It can take some time to properly think through the right strategy. If you follow the typical route -- choosing a reseller model -- you need to make sure it lines up properly with your current sales model. Pricing may need to be restructured, how discounting will occur has to be decided, how many levels of distribution will you be able to tolerate, etc. The good news is that most regions away from North America are well structured to operate a reseller model on your behalf. Experienced distributors are in place, true value-add resellers exist and many are very familiar with taking on products from other locales. In fact, that is mostly why the reseller model often works better away from North America than within.

Take the time to formalize a program before approaching the global market. Pick your first partners carefully, go deep with a few to gain some experience than go wide with many when ready to scale. One thing to keep in mind is that a functioning global sales model can act as a competitive barrier -- if operating smoothly. Partners tend to stay loyal to someone they can make money with.

Finding the First Global Employee

It's going to be hard to get away from hiring people in the major geographies. You can do a lot remotely, but there are many regions where face to face contact is still a valued way of doing business. From a North American perspective, finding a regional sales manager based in the UK to help build out an EMEA practice is a good place to start. Similarly, finding someone in Australia or Japan to cover the base of ASIA is also a good way to start. A second hire is often a technical resource to provide local sales support (e.g. an SE).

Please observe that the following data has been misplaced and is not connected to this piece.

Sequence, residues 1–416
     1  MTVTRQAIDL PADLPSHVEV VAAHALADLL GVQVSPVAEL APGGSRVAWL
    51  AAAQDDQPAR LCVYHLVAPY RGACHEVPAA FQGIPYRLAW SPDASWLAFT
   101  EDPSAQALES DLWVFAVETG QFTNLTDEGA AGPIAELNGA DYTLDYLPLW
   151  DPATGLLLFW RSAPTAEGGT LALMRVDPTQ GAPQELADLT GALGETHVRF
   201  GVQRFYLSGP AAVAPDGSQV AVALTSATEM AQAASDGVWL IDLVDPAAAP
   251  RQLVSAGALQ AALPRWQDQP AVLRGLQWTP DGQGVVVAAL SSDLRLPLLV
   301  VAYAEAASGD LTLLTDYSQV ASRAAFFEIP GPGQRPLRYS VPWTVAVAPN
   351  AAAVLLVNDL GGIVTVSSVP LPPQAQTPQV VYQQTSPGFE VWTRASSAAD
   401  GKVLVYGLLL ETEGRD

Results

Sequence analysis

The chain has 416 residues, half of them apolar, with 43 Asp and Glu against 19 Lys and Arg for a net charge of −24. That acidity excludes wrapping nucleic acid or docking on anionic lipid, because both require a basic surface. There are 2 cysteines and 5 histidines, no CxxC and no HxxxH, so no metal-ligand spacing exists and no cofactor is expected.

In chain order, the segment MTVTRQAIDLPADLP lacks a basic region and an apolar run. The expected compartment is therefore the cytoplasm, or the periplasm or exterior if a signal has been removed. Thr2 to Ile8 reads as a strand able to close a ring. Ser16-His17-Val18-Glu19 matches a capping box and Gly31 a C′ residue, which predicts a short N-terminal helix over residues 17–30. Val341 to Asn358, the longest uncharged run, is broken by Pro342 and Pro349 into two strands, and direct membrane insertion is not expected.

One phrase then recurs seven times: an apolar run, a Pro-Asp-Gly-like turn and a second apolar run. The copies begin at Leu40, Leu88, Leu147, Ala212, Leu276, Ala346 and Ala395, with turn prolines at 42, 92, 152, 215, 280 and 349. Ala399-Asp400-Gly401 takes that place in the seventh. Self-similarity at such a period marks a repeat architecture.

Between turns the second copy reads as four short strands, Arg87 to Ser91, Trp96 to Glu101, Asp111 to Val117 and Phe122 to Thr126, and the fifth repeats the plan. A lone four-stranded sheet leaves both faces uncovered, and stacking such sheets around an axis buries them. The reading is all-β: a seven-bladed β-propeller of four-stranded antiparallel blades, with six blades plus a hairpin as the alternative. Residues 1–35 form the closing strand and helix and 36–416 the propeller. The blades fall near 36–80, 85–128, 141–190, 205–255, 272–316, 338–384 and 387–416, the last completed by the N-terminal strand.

You should not underestimate the need to find someone with relevant experience. Some of the things to look for include:

Some areas have very stringent hiring and firing regulations. They can be so onerous is it not uncommon to want to find ways to work around creating permanent employee commitments wherever possible. Consult the appropriate legal and accounting resources when considering this.

As CEO, you should consider spending at least 1 week each quarter in each of the major regions. You will be surprised how valuable a CEO visit can be.

Willingness to Spend (more) Money on Compensation

Many of the key geographies outside of North America have higher compensation package standards than those within. Differences include:

You might find yourself budgeting 10-15% additional cost (beyond salary) per employee for North America and have to consider as much as 50-60% additional cost for employees in other regions. This alone may make global expansion something to think twice about -- if you can't make money at it, don't go down the path. If you make less money at it, it still may help the overall growth plan the company needs to get to the next level of success.